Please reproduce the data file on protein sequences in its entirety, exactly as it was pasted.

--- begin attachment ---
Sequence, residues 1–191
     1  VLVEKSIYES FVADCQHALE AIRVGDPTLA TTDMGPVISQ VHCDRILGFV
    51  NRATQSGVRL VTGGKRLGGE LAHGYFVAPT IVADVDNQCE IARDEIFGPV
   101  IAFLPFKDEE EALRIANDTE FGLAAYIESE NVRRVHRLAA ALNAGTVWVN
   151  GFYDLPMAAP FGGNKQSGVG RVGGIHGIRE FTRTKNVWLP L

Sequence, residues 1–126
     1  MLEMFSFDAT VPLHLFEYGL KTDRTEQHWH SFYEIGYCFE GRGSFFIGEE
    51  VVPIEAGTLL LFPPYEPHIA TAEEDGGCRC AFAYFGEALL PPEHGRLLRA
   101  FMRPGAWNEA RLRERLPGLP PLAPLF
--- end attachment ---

Sequence, residues 1–191
     1  VLVEKSIYES FVADCQHALE AIRVGDPTLA TTDMGPVISQ VHCDRILGFV
    51  NRATQSGVRL VTGGKRLGGE LAHGYFVAPT IVADVDNQCE IARDEIFGPV
   101  IAFLPFKDEE EALRIANDTE FGLAAYIESE NVRRVHRLAA ALNAGTVWVN
   151  GFYDLPMAAP FGGNKQSGVG RVGGIHGIRE FTRTKNVWLP L

Sequence, residues 1–126
     1  MLEMFSFDAT VPLHLFEYGL KTDRTEQHWH SFYEIGYCFE GRGSFFIGEE
    51  VVPIEAGTLL LFPPYEPHIA TAEEDGGCRC AFAYFGEALL PPEHGRLLRA
   101  FMRPGAWNEA RLRERLPGLP PLAPLF